Two weeks ago, Paddy Cosgrave, the founder and CEO of the Web Summit, opened proceedings on the main stage with an anecdote intended to define the essence of the event. One year previously, at last year’s Night Summit, Travis Kalanick, founder of Uber, got together with investor Shervin Peshawar over a pint at Bruxelles pub on Harry Street. Before long they were back at the Shelbourne, signing a payment agreement. This was how Uber got to where it is today. This anecdote was largely accurate and it was no doubt this sense of possibility was what drew some to volunteer at the event. The Summit probably did represent an opportunity for someone to do something advancing. As Cosgrave would have it, the Web Summit provides attendees, and perhaps even volunteers, with the chance to move into ever more rarefied spheres of influence.
Many of the volunteers who offered testimony for this article rated the experience as worthwhile. They cited a strong group spirit among the volunteers, a diverse and interesting range of speakers and opportunities to network, with industry professionals as well as liked minded volunteers, as positive reasons to volunteer. One volunteer from the response team viewed volunteering as “an opportunity to work with volunteers from a range of different backgrounds and experiencing the Web Summit from a different perspectives than that of normal attendees.” The atmosphere at the Summit was quite captivating with a wide array of exhibitors pitching up daily.
The co-ordinators of the volunteer program were described as enthusiastic and engaging by those who came into contact with them and they were similarly positive in their feedback: “Volunteers travelled from near and far to give up their free time to make this event a success, in which they did! Reports from media, attendees, exhibitors, staff and external stakeholders was how supportive, efficient and friendly all volunteers were to make the event a more enjoyable one.”
However, it seemed that a lot of the positive feedback came in spite of an underlying sense of disorganisation with qualifying statements such as “I didn’t have that much of an issue with it” or “I overlooked it at the time because I was at the Web Summit” recurring frequently in the testimony of the volunteers interviewed for this piece.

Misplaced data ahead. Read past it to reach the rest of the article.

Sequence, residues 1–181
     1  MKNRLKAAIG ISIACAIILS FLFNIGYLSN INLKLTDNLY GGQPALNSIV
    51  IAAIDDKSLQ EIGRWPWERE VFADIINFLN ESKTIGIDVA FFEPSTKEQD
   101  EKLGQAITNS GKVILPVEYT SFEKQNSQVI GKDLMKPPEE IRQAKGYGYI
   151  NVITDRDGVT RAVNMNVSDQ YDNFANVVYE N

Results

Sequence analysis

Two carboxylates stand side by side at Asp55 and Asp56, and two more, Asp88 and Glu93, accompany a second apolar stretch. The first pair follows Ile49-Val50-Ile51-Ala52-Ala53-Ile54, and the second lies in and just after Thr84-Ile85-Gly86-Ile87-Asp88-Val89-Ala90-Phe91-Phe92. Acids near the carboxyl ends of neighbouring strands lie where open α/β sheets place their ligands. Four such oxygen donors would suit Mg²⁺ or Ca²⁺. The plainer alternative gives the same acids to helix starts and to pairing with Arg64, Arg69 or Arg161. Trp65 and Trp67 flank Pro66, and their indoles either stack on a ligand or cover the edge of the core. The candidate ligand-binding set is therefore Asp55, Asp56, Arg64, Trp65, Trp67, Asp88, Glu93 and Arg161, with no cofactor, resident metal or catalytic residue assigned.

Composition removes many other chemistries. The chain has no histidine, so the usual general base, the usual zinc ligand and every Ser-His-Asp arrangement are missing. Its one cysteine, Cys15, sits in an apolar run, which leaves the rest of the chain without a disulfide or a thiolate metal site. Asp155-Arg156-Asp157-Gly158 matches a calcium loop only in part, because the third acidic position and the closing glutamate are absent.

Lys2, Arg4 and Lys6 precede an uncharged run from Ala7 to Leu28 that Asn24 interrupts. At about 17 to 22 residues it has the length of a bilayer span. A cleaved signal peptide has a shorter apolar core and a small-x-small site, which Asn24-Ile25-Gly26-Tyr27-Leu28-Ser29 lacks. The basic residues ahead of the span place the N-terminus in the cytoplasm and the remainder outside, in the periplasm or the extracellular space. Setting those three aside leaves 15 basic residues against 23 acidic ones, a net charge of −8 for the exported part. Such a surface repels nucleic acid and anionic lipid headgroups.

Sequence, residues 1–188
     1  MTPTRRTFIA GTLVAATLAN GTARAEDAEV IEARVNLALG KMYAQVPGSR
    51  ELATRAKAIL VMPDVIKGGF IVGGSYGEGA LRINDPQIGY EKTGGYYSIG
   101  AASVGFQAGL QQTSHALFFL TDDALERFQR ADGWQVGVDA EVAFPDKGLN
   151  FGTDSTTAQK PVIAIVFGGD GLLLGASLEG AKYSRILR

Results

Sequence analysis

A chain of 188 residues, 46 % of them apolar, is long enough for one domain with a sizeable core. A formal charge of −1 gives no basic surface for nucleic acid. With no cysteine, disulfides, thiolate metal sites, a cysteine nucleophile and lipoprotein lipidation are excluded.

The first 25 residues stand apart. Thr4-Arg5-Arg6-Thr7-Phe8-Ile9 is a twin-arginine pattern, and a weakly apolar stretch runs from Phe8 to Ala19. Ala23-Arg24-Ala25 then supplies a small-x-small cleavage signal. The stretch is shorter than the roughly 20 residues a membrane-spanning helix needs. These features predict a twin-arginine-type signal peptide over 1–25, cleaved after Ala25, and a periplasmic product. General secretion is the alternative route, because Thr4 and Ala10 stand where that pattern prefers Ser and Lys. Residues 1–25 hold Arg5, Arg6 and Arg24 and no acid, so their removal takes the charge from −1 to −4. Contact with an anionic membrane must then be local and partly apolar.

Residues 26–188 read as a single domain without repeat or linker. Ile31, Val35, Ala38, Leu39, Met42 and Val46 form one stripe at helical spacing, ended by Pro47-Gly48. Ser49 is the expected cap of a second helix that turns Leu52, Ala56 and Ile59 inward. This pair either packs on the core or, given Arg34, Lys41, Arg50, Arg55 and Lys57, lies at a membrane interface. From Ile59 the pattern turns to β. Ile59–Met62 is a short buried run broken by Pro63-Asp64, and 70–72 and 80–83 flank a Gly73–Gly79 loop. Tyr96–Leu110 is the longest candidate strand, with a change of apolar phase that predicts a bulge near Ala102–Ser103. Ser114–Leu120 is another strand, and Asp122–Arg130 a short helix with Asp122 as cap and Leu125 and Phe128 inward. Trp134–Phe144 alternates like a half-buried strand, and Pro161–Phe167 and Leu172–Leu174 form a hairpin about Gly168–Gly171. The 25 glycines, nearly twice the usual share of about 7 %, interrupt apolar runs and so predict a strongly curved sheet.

The degree to which volunteers were willing to overlook the dissatisfying experiences they had while on duty varied. Many found that their roles weren’t sufficiently defined which led to confusion. “There wasn’t a proper manager as a team leader, just another clueless volunteer,” stated one volunteer who worked on Information Desk 1 at the entrance to the RDS. There seemed to be no clarification as to what those on the information desks in particular were meant to be doing, a problem originating in a lack of informed leadership: ” We all arrived on the morning of the first day and essentially milled around waiting for someone to tell us what to do. After about 20 minutes people started manning the desk, because this was the main entrance and people were starting to flood in, we spent the first morning basically making it up as we went along, having had no detailed briefing as to where things were and what was happening where.”
Another interviewee who was a part of the startups team stated his role was similarly ill defined and was apparently indistinguishable from those of members of other teams. He also identified the lack of trained team leader as problematic: “I began to feel that the team leaders were more of a metaphysical concept as the person giving me direction confessed they were completely at a loss. I began to receive text messages as five different team leaders claimed me and offered me lunch vouchers.”
Other volunteers felt ill-equipped to deal with significant administrative issues that arose. “There was a problem with food vouchers too. Some attendees didn’t receive them and couldn’t get food without them. We told the leaders but nothing was done about it all day so we had to explain to a couple of hundred hungry people that they’d have to trek back over to the registration office to see if they could sort it out,” a volunteer from the Food Summit said. (This issue was later addressed in an email from the staff.)